Liane laughs softly to that, looking up with a sharp, wry smile. “Do you think?” she asks dryly. “No. So far, there has been nothing beyond an entirely understandable low-level resentment. Ser Sarmion assures me he won’t save me from Ser Jonn, whose worst offenses so far would be…” She tips her head to one side, thoughtful. “Tossing a bottle over my head, and farting. I feel relatively secure.”
Doran winces at the mention of the Lannister, “Ser Jonn is not a pleasant sort, and his tongue tends to be sharper than his sword.” Doran’s tone is one of obvious distaste, “Do be sure to inform me if any other less than savory knights give you trouble. Regardless of how you feel, I take my vows seriously, and captive or no, and the vow to the Maiden is as important as the others.”
Liane makes no comment about the Maiden, leveling a long, steady gaze on Doran, eyes narrowed in consideration. “I will remember it,” she finally says, letting out a slow breath and looking away. And then, after another long pose, grudgingly: “Thank you.”
Jonn has connected.
A rough burst of laughter from the other side of the deck draws a few sailors’ attention; they shake their heads before returning to their tasks. A rough-bearded man staggers into view from behind the rigging, jeers and hooting following him.
Hard-bitten and wearing a mismatched assortment of padded leather, he is no knight—and he clutches a hand with a dagger driven fair through its centre. Blood flows in a steady stream to stain the deck, a deep, rich crimson in the sun’s final hour.
Lean and clad all in black and silver, a tall man strolls behind him, shaking his head: “Leave that game to Ironmen, I said. Next time, listen.”
“You do not need to thank for being true to my word, my lady.” Doran’s voice is still calm, and a weak smile comes across his face as Liane displays some form of graditude. However, when the commotion breaks out behind him, Doran immediately turns around with his hand racing to the hilt of his sword, yet he does not draw.
“What’s this?” Doran asks, directing the question at no one in particular. His eyes squinting as he does his best to discern what has transpired.
Liane looks up at the emergence of the wounded man, tensing for a moment before nothing more comes out of the injury. Releasing a slow breath, she tries to ease the tension in her shoulders by rolling one back and uncrossing her arms. “Who knows?” she murmurs wearily.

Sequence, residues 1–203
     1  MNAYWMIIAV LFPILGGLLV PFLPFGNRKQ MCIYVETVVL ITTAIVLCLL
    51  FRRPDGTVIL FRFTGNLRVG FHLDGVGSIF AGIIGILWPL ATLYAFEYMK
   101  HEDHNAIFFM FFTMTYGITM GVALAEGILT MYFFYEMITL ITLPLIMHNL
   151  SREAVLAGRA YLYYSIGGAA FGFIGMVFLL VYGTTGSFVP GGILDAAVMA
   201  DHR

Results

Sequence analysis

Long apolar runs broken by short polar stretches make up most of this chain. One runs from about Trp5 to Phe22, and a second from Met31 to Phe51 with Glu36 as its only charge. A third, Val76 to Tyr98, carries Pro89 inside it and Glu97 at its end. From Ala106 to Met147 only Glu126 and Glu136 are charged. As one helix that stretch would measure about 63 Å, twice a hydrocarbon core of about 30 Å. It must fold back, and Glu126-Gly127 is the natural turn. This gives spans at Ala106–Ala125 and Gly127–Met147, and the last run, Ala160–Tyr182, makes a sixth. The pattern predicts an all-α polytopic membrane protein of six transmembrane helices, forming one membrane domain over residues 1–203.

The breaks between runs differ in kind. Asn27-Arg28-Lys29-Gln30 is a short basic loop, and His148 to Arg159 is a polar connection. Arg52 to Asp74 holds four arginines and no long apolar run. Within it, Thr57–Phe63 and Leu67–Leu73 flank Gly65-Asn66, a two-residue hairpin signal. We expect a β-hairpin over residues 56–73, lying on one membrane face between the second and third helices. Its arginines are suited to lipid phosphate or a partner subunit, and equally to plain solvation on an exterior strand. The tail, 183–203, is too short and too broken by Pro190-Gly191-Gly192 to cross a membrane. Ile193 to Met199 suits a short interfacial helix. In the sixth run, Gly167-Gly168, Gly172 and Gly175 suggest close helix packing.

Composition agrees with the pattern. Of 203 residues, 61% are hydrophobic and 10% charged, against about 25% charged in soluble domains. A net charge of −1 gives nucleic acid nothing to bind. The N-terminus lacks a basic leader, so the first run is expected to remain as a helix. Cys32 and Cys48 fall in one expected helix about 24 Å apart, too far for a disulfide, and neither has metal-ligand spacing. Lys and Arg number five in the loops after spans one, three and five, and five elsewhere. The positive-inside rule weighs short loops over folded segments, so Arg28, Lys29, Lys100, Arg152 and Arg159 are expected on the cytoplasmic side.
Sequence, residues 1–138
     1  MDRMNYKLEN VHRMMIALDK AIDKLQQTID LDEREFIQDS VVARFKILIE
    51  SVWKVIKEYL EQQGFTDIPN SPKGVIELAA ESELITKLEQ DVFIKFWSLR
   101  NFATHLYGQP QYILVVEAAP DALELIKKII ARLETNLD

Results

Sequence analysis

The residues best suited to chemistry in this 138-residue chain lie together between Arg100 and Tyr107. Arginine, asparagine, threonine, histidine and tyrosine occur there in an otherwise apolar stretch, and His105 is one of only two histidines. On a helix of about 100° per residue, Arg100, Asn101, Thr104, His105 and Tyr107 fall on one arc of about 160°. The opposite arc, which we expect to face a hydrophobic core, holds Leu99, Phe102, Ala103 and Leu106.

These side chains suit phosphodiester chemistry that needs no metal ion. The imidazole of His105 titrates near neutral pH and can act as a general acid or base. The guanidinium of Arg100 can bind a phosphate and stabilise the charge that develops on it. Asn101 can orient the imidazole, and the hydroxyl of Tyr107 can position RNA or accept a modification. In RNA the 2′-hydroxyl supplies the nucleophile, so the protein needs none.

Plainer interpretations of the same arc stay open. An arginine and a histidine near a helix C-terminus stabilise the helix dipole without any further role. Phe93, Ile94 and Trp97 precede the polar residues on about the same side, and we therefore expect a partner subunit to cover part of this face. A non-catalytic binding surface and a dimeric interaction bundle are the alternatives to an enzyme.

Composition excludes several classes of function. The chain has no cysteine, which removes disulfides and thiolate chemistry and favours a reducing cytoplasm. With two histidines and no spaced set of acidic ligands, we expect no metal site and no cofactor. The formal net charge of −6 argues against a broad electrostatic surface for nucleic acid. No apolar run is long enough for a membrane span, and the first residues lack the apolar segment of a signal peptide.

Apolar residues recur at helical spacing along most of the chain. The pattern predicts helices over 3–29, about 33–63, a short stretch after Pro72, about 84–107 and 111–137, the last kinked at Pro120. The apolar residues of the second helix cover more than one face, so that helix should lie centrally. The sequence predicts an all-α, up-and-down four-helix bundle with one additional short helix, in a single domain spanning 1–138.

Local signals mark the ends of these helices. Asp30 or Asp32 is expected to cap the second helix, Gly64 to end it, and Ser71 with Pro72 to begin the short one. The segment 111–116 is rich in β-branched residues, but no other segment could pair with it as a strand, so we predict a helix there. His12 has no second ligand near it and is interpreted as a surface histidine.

“Stay your hand, Blackbolt!” a merry cry comes from some hidden shadow. A moment passes: golden hair and smiling green eyes are visible. “There are no quintains and children here for you to unhorse.”
With his usual subtlety, Jonn Lannister has come.
“What does it look like it is, pretty boy?” growls the wounded man, his voice tight with pain. The other one—and this man at least is a knight by the serpent device on his breast—spares a brief glance for Doran and Liane before turning back:
“Here, let me see.”
“Wasn’t my fault,” the wounded man complains, extending his hand. “That fuckin’ bastard Jory shook me. I’ll kill the whoreson.”
The voice of Jonn Lannister gets a noticeable wince from the Blackbolt, “Ser Jonn…” he states, his voice losing all friendly tone.
“There aren’t nearly enough women on this ship,” Liane observes to no one in particular, crossing her arms over her chest again and settling her weight to one side as she watches the pair with the knife.
The voice of Jonn Lannister gets a noticeable wince from the Blackbolt, “Ser Jonn…” he states, his voice losing all friendly tone. Doran gauges the young Lannister before turning once again to the two with the knife. “Apparently someone lost in a game of knives?” the young Dondarrion shakes his head, letting his hand drop his ornate hilt. “We can only wish for a swift voyage, my lady, and hopefully lose most of this madness in King’s Landing.”
“There are entirely too many women clamoring for attention on this ship,” a deep voice answers the Uller woman. The black cloak of the Stormbreaker snaps in the same wind that fills the sails. Looking at the gathered company upon the deck, he smiles grimly, “Quite a lovely gathering.”
The Baratheon knight walks past Liane, the edge of his cloak passing over her head. His boot heels hammering the wooden planks beneath them. Looking on the Lannister, he bumps the Dondorrian knight seemingly in accident.
Stopping, he looks down upon the shorter Blackbolt, saying, “I did not see you there, ser. You are a bit too short.”
“You hear that, whoreson?” the wounded man yells at the group of men—all as rough as him—loitering near the sails. “I’ll…”
Whatever threat he may have made next is lost in a howl of pain; with no warning whatsoever, the knight jerks the dagger from his hand. “Get below and have Poxy Alan take a look at it,” he says, calmly wiping the blade’s dripping edge on the other man’s tunic.
With a resentful look at him and a malavolent one towards his erstwhile companions, the wounded man stumbles belowdecks, still clutching his hand.
And only now does the serpent knight turn his attention to the company that has come together near the railing.